“Shipping the Empty Box” Confirmed for PAX Dev!

I will be presenting a lecture at PAX Dev!

PAX Dev Logo

Shipping the Empty Box
Releasing [string:titleOfGame] on [array:platforms]

Working on [string:titleOfGame], you need to release it on [array:platforms-0] and perhaps on [array:platforms-1] in the future. You have [int:NULL] time till release. Build engineer and programmer John “Seg” Seggerson (Telltale Games, John McNeil Studio, Dominique Pamplemousse) will help smooth the multi-platform release by outlining build engineering tips for platforms on desktop, mobile, console, and beyond. Increase artist, writer, and programmer efficiency with a set of core specifications and planning applied to existing platforms and future platforms. Skills and knowledge that will reduce release headaches for your [int:sizeOfTeam] team!

This is the build engineering panel I’ve always wanted to do and finally getting to do it. My experience with Dominique Pamplemousse was releasing a game without having to worry about making the game. I needed to create the empty box to ship to Steam & Humble. This clean-room process made me think about the build process in this perspective, and finally got me to apply for this lecture.

Talking with my game industry friends, we couldn’t think of ever seeing a build engineering panel offered. Not just PAX Dev, but GDC as well. My hope was to get accepted to PAX Dev to focus getting the content together in time to apply for GDC. I got my wish!

The lecture will be in two acts. The first act will be guidelines for a build system from my experience. Going into specifics isn’t helpful because game engines are too different for me to cover. Instead I’ll be going to broad guidelines. The second act will be releasing my master asset list, a core asset list, and the philosophy behind it. This list will contain all assets for every platform I can talk about. Then another core assets needed to convert over to these targets. If I have time, I may make a NPM/Bower app to do these conversations.

Over the summer I’ll be working on the details of the lecture and have everything ready for submitting for GDC 2015. I’m super excited to work on this and get to attend PAX Dev & PAX Prime!

Child’s Play, Ümloud! & Anitdote

A few quick items of what’s been going on in my life and what’s to come.

Child’s Play, Ümloud!, PAX East Panels

For PAX East 2011, I reprised my role in the Child’s Play Charity panel. This time it was extra special as Kristin revealed the first full-time hire for Child’s Play, Jamie Dillion! You can see her interview process on PATV (Part 1, Part 2). Her roll with Child’s Play is to help expand upon the org and deal with community fundraiser people like me. I’m really excited about working with Jamie and see a lot of cool and awesome things in the future for Child’s Play.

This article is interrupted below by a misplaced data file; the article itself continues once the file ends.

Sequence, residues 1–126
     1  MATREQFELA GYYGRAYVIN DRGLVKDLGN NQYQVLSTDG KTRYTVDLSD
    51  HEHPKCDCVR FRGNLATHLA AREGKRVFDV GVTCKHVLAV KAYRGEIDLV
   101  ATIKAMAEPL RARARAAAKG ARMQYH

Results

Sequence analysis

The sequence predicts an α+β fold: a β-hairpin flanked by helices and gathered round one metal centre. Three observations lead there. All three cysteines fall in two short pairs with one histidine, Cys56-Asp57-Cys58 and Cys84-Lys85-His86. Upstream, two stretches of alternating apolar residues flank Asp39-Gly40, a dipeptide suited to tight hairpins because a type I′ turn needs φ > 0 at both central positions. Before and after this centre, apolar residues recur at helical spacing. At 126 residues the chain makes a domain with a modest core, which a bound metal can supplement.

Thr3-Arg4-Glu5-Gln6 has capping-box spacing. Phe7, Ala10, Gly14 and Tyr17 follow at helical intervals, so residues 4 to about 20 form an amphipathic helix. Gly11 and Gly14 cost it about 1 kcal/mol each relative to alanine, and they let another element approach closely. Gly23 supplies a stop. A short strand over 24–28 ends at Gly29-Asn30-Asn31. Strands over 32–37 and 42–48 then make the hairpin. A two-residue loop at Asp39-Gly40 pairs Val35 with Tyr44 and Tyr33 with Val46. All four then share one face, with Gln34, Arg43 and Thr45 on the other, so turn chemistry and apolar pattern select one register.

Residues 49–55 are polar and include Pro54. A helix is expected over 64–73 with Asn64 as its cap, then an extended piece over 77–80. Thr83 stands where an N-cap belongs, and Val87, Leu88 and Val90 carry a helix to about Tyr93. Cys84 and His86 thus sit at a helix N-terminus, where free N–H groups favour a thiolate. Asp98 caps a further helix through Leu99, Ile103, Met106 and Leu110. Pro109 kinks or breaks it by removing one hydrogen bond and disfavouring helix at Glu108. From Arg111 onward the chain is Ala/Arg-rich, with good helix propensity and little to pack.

For the panel, I wrote this document as an extended outline for the panel. It will soon be expanded upon and made into a Child’s Play publication with a lot more info soon.


The other panel I was on was AJ’s “The Sorting Workshop”. It started out with a game “preview” in which attendees had to write about the game for 10 minutes. From there, the other panelest would read the writings and comment with notes on how to write for journalism, marketing, pr, etc. AJ asked me to be the dev to preview a game. She was expecting something of MSPaint quality — Something with little effort to use. Instead, I used a live-action video game called Antidote. 😉

This got me thinking that I should release the thing, though I am nervous about it. I’ll just go out and say that this isn’t a good game to play and I don’t plan on fixing it. I don’t worry about people trashing it in reviews, but I worry a little that people think I’ve at that level with the art form when I’ve grown well beyond that in the years. So the website’s going to have notable disclaimer setting the exceptions low and pointing them to better games I’ve worked on like Puzzle Agent.

On the tech side, I was glad to see that the Mac build was able to run on an Intel based Mac. This is especially key as the version of Director that I used was before the Intel business and thus a PowerPC executable. The saving grace is the Rosetta layer on Mac OS X. It’s technically an optional install with a “just-in-time” download and install when the user first runs a PowerPC executable. However, Rosetta will be removed from Mac OS X 10.7 “Lion”, so the time is now to release the thing. For the curious, it would cost me $300+ to get a version of Director to make the Intel version — which I don’t plan to spend.

The Windows version runs without problems on Win7. I did remake an installer last night using Inno Setup so the install process flows better. There is the requirement of having Quicktime installed, but if you have iTunes you have it. I also have the Mac installer redone, but still need to make the DMG background for it. From there, I’m going to clean up the website and make it pretty. I’ll be using Amazon S3 to distribute the builds as straight downloads and Bittorent. The download is big at 240-260mb, but bandwidth is much cheaper these days than five years ago.

I plan to get everything ready and released by the end of April, if not sooner.

Ümloud! Worked!

To say Ümloud! was a huge success is an understatement!

In 8 weeks we rebranded, filed as a non-profit, and made a successful event for our first year. $7000+ to Child’s Play successful. We certainly learned a few lessons this year which we’ll implement along with our ‘for next year’ list. Right now I’m compiling my thoughts, specifically for a panel I’ll be moderating for PAX-East this year.

Oh, it looks like I’ll be talking with Chris and others at PAX-East this year in March. While PAX will always be in Seattle around Labor Day, a second one for the East Coast in Boston is happening. I’m gathering up other panelists from other events and Child’s Play itself. The direction I plan to take is illustrate the ’empty box’ of doing a fundraiser, rather than listing specifics of any particular event. I hope to inspire others to do events with their own flavor, rather than copy/paste existing events.

For me, this is about how and why to file for non-profit status on our own. We wanted to do a local event, enlist sponsors, get a venue, and spend money on an event. We were ‘touching’ the money. We had to be a non-profit ourselves for our protection and the ability for donators/sponsors to count their contributions as charitable. It’s been a process, let me tell you! But most of it is start-up stress which will be much easier next year.